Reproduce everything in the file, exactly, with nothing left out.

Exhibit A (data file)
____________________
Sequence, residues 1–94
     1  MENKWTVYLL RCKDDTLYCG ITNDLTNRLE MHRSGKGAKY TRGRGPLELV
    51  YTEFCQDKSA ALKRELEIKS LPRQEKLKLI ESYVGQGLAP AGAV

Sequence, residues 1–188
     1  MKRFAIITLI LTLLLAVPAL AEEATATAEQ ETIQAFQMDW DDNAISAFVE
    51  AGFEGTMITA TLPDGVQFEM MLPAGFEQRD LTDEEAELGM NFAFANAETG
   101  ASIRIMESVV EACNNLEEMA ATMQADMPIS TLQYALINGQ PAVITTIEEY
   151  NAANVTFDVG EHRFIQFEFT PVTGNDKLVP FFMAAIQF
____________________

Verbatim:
Sequence, residues 1–94
     1  MENKWTVYLL RCKDDTLYCG ITNDLTNRLE MHRSGKGAKY TRGRGPLELV
    51  YTEFCQDKSA ALKRELEIKS LPRQEKLKLI ESYVGQGLAP AGAV

Sequence, residues 1–188
     1  MKRFAIITLI LTLLLAVPAL AEEATATAEQ ETIQAFQMDW DDNAISAFVE
    51  AGFEGTMITA TLPDGVQFEM MLPAGFEQRD LTDEEAELGM NFAFANAETG
   101  ASIRIMESVV EACNNLEEMA ATMQADMPIS TLQYALINGQ PAVITTIEEY
   151  NAANVTFDVG EHRFIQFEFT PVTGNDKLVP FFMAAIQF